Seven places luring residents with cash, free homes amid coronavirus

by Umberto Bacchi | @UmbertoBacchi | Thomson Reuters Foundation
Thursday, 9 July 2020 14:29 GMT

ARCHIVE PHOTO: A man with City of Savannah Park and Tree piles debris off the streets in Savannah, Georgia October 9, 2016. REUTERS/Tami Chappell

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As COVID-19 boosts remote working, some towns are paying to attract newcomers

By Umberto Bacchi

July 9 (Thomson Reuters Foundation) - Looking to move away from traffic and congestion and start your new working-from-home life in a roomier house in a leafy area? You might get paid to do so.

As the coronavirus pandemic boosts remote working and interest in suburban living around the globe, some places are offering incentives for people to move in, seeking to tackle dwindling populations and drive growth.

Here are seven local administrations offering a mix of peaceful streets, picturesque views, low living costs - and money to people moving there:

1. Savannah, United States

Since May, the city of Savannah, Georgia, has been offering up to $2,000 to cover relocation expenses for remote tech workers who move to the area for at least a year.

The city is hoping to attract a couple of dozen remote workers this year, said Jennifer Bonnett, vice president of innovation and entrepreneurship for the Savannah Economic Development Authority.

"The goal is that they move here and make Savannah their home," said Bonnett.

2. Emilia Romagna, Italy

Italy's northeastern Emilia Romagna region has pledged to hand up to 30,000 euros ($34,000) to young families who make one of the towns and villages in the Apennines Mountains their home.

Famed for its food, historic cities and seaside resorts, the region hopes the initiative launched in May will help revive its rapidly depopulating hamlets as well as the coronavirus-hit local economy. Applicants must be under 40.

3. Mishima, Japan

The village of Mishima, which covers three small southern islands, has long been offering 85,000 yen ($800) per month for three years to people who move there, as well as a lump payment of 300,000 yen or a calf.

Applicants have to be under 55 years of age. Additional incentives are provided to couples and families with children.

4. Topeka, United States

In 2019, the city of Topeka, Kansas, began offering up to $15,000 to employees of local firms willing to buy or rent a home there. After a spike in interest during the pandemic, it is planning to extend the scheme to remote workers.

"As population density in large metros began to feel problematic, the space we have in Kansas began to be more appealing to many people around the US," said Bob Ross of the Greater Topeka Partnership.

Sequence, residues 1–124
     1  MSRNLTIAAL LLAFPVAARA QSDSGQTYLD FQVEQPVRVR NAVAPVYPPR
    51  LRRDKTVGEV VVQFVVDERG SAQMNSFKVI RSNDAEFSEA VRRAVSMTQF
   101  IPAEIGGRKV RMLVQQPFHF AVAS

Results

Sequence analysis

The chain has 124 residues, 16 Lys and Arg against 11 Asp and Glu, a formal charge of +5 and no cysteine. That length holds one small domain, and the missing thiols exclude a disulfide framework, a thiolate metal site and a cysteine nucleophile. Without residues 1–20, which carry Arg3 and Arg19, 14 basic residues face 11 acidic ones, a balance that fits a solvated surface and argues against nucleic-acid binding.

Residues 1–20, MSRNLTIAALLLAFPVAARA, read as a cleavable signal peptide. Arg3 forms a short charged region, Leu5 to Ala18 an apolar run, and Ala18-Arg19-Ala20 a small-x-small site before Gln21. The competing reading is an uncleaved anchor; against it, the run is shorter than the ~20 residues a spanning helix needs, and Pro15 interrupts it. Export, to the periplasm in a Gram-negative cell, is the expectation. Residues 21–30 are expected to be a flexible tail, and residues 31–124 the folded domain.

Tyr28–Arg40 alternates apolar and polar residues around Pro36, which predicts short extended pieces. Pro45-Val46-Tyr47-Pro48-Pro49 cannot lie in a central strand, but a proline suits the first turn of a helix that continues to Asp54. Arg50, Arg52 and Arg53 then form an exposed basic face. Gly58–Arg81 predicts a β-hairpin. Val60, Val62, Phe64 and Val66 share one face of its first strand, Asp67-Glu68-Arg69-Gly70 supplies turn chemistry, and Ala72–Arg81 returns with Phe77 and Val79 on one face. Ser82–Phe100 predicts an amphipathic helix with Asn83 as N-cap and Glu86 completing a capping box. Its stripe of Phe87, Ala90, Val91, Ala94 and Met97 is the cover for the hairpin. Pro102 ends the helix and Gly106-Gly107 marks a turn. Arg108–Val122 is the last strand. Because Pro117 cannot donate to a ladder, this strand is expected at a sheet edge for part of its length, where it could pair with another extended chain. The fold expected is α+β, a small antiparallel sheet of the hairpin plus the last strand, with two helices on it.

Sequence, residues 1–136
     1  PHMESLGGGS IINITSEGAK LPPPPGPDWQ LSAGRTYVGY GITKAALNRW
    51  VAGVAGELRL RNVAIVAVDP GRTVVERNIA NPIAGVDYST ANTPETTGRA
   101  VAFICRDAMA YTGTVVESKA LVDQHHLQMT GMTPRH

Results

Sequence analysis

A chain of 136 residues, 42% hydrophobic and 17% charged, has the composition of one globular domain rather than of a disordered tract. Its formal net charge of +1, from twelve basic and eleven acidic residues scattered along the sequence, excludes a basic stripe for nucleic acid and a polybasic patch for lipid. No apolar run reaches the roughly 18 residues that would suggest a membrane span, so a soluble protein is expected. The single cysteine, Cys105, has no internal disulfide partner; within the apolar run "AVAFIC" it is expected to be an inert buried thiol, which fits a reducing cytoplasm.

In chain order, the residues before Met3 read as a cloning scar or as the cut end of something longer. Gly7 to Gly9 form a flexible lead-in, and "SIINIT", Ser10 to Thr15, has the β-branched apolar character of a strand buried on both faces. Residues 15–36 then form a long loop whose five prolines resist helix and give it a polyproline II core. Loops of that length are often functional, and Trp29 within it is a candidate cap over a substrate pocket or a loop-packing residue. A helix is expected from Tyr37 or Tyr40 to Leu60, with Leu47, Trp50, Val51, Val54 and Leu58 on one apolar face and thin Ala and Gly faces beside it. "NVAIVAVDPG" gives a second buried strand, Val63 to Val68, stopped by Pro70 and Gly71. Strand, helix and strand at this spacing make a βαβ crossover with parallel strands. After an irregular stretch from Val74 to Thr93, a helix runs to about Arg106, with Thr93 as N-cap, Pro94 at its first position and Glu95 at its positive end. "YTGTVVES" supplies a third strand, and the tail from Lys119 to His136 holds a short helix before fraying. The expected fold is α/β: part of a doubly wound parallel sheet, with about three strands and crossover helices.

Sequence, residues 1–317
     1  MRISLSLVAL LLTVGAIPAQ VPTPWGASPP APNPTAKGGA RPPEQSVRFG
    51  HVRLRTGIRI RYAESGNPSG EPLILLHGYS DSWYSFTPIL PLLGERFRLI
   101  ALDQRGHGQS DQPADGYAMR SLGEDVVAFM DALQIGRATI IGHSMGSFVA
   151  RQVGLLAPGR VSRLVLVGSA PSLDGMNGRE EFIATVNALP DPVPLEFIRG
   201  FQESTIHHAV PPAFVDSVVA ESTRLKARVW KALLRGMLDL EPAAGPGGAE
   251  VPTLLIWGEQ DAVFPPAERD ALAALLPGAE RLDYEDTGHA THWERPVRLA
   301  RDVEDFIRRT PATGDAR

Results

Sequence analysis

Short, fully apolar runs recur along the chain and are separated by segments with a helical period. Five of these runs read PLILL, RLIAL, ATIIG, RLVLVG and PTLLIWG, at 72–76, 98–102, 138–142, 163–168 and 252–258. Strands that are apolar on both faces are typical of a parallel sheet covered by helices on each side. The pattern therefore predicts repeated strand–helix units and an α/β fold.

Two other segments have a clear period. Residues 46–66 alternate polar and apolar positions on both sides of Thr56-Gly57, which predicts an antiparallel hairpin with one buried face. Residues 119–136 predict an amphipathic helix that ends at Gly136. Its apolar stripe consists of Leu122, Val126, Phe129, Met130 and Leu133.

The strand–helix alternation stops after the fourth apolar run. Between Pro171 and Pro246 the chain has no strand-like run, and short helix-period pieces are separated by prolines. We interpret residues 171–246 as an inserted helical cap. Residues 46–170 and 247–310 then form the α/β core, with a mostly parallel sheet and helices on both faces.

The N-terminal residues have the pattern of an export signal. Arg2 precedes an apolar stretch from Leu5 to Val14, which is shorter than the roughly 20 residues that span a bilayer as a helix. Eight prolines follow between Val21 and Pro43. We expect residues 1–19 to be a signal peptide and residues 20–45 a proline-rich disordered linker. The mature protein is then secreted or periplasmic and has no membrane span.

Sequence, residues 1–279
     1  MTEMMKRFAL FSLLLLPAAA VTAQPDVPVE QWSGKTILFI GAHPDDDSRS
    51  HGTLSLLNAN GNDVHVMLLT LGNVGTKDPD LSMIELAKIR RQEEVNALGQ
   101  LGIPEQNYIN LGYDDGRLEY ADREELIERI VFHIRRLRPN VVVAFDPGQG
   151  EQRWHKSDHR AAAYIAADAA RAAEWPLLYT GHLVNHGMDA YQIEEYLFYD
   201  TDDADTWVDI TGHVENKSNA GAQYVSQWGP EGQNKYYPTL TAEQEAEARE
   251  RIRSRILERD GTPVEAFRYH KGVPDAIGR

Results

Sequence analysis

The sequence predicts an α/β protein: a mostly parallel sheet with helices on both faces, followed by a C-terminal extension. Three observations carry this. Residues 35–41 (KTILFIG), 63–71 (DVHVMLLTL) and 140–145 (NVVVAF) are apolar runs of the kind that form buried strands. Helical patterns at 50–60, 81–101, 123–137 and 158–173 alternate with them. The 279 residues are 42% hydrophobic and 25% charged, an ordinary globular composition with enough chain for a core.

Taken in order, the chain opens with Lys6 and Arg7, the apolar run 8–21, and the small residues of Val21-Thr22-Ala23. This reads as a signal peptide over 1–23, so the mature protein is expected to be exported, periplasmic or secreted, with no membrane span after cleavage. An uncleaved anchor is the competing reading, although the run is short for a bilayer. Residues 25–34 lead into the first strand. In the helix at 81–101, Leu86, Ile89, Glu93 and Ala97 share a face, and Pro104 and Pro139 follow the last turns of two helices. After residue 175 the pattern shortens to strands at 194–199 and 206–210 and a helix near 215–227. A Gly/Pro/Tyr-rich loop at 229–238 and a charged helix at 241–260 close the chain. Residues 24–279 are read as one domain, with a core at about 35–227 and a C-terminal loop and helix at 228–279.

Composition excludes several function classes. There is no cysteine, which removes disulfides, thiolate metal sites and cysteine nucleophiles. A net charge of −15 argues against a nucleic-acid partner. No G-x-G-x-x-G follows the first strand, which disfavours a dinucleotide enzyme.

5. Cinquefrondi, Italy

In June, the village of Cinquefrondi, in the southern region of Calabria, started offering abandoned homes for 1 euro ($1.10) to people willing to move in and renovate.

A similar 2018 initiative by the Sicilian village of Sambuca proved so successful - drawing about 100 people - that the mayor said he was now planning to launch a second round with homes for 2 euro.

6. Tulsa, United States

Tulsa, in Oklahoma, has been offering $10,000 in cash as part of an incentives programme for remote workers to move there since 2018.

Applications doubled in the first two months of the pandemic, said the initiative's executive director, Aaron Bolzle.

7. Luserna, Italy

The mountain village of Luserna in northern Italy is hoping to boost its population of fewer than 300 people by offering four empty homes rent-free for four years to couples aged between 18 and 40.

Applicants have to commit to carry out some charity work in the community, from helping the elderly to taking care of the environment, at least once a month.

(Sources: Tulsa Remote, Savannah Economic Development Authority, Regione Emilia-Romagna, Mishima Village, Comune di Sambuca, Comune di Luserna, Choose Topeka and Comune di Cinquefrondi)

($1 = 0.8820 euros) ($1 = 107.2800 yen)

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(Reporting by Umberto Bacchi @UmbertoBacchi, Editing by Claire Cozens. Please credit the Thomson Reuters Foundation, the charitable arm of Thomson Reuters, that covers the lives of people around the world who struggle to live freely or fairly. Visit http://news.trust.org)

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